Reader kabramble posted a comment on that last post regarding the Chapman Campaign poll questions that I thought would be best “promoted” to a full post, so here goes:
Just got this in from the Chapman Camp:
For Immediate Release
Contact: Billy Kirkland, 703-200-5674
August 10, 2007
Chapman Responds to Poisson’s Poll Allegation
Ashburn – Today, the Lynn Chapman for Delegate campaign released the following statement from campaign manager Billy Kirkland regarding accusations from Delegate Poisson and his supporters concerning a recent public opinion survey.
“The allegations made in The Connection article by Delegate Poisson and his supporters regarding issues of illegal immigration and personal matters are 100% false. Our campaign has not and would not ever ask such offensive and inappropriate questions.
“Its unfortunate that Delegate Poisson has tried to use this completely false and untrue rumor to attack the character of our effort.
“Our campaign will remain focused on the important issues. We hope Delegate Poisson would do the same.”
For more information about Lynn Chapman and his campaign, please visit http://www.ChapmanforDelegate.com
Interestingly, when I check Lynn Chapman’s web site I can find no trace of this press release. Perhaps they’ll get it updated later? I’ll keep an eye on it just to be prudent. After all, while I have no specific reason to suspect that this release wasn’t issued by Chapman, I also have no specific evidence that it was. So, we’ll stay tuned.
So, I’m left with something of a dilemma, personally, if this release comes in confirmed from Chapman’s campaign. They have now issued a definitive statement that they never authorized such questions and would never ask them. However, I know the person who wrote the letter to the paper and I also don’t believe he’d lie about this. Misunderstanding? Rogue operation? Disinformation campaign? Hmmmm.
Did the Lynn Chapman campaign authorize poll questions implying their opponent is gay and/or criminally corrupt? Updated
Noted over on Too Conservative is this item regarding a poll apparently done at the behest of the Lynn Chapman (R) campaign, candidate for State Delegate, 32nd District. The poll, done over the phone, allegedly asks if the respondent’s vote for the Delegate position would be affected if he knew that incumbent Delegate David Poisson (D) were a “closest homesexual.” It goes on ask if their vote would be affected if they knew Poisson “harbors illegal aliens” or if his firm were connected to Jack Abramoff. The poll drew the ire of a Loudoun resident who wrote in to the Loudoun Connection newspaper.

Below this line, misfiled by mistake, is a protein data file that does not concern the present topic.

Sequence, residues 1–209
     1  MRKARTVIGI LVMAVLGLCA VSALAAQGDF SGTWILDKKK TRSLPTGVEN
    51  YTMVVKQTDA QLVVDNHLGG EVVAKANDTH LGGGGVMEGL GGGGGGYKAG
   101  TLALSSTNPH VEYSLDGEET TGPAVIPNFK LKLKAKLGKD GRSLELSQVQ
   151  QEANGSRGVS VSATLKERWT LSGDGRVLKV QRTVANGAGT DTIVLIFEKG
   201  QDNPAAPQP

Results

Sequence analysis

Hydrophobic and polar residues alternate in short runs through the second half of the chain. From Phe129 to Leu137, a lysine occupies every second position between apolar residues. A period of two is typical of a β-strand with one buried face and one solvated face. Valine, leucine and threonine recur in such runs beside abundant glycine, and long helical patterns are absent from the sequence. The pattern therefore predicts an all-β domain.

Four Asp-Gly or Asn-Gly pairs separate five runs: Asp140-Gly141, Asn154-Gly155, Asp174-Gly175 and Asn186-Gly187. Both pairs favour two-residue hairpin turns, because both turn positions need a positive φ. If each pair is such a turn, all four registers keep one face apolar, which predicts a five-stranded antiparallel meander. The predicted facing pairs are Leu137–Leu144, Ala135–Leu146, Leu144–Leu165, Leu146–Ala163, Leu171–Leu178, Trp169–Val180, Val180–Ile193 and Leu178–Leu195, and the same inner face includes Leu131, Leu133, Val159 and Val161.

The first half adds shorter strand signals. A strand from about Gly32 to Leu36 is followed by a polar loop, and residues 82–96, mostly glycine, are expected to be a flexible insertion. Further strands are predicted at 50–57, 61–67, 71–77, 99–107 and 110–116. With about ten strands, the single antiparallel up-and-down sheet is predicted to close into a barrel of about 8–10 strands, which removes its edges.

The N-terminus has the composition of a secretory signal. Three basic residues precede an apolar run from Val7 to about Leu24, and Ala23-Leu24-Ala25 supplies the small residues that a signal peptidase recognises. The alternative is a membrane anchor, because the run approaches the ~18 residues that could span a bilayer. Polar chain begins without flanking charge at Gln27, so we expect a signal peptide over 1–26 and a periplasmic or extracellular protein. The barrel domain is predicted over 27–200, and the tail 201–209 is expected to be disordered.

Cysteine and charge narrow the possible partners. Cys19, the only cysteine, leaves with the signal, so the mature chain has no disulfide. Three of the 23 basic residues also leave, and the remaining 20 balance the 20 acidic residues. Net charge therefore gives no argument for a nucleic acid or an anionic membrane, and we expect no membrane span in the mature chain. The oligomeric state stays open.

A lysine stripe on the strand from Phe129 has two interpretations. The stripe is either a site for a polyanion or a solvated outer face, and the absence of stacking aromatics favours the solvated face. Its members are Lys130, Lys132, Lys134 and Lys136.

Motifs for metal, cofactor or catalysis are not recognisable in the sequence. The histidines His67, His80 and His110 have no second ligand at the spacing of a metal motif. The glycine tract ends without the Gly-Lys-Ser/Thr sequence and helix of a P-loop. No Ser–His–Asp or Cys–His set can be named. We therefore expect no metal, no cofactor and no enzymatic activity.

There is no excuse for this kind of smearing tactic and there is also only one acceptable method of dealing with the issue. Lynn Chapman must immediately and forcefully denounce such activity. He must likewise come completely clean with whether or not these questions were actually asked in a poll authorized by his campaign or any other political body working with his campaign to get him elected. If some agency working on his behalf actually did ask these questions then he needs to cut that agency off at the knees, publicly and loudly. He needs to make a very visible break with such an agency. Nothing less will do. Anything less will show he was either in agreement with such a tactic and authorized it, that he has no general problem with the use of such a tactic, or (at the very least) that he’s completely clueless about what’s going on in his name during this campaign and that someone else is pulling his strings.
For the record, I know the man who wrote that letter to the editor and I do not for a second believe that he’s lying.
The clock’s running, Mr. Chapman. Get on top of this issue and be aggressive about it or pay the same price as the last man who ran as the GOP candidate for this seat.
Update: The Loudoun Connection has run a story on this issue and the response they got from Chapman’s campaign spokesman was exactly the wrong approach:
BILLY KIRKLAND, a spokesperson for Lynn Chapman’s campaign, said he did not feel comfortable releasing the poll to the press. However, the types of questions asked were your “standard issue questions.”
“There were no derogatory or incendiary questions about either candidate. There were no attacks,” he said. “They were standard politics, polling questions.”
Chapman did not return numerous phone calls as of press time.
If the questions were “your ‘standard issue questions’” then what’s the big deal releasing them? It’s not like they haven’t been shared with members of the public, so they can hardly be classified as “confidential.” Qualifications like “derogatory” or “incendiary” are subjective descriptions. What I consider incendiary might be considered just good, hard questions by someone else. The real question, here, was whether or not the poll contained the wording reported and that’s the question the Chapman campaign just ducked. Dissembling or evasive commentary isn’t used by people who haven’t done the deed. That’s not completely conclusive evidence, no. But it doesn’t look good. One would think that the GOP would have learned from Dick Black’s disastrous performance in 2005 where he resorted to juvenile name-distortion during a public debate with Poisson and would be avoiding stupid dirty tricks in this election.
Chapman can still pull this out but now he’s really got to be unambiguous with his condemnation of this poll and he’s got to do it fast. Come on, M. Chapman. Please don’t let us down.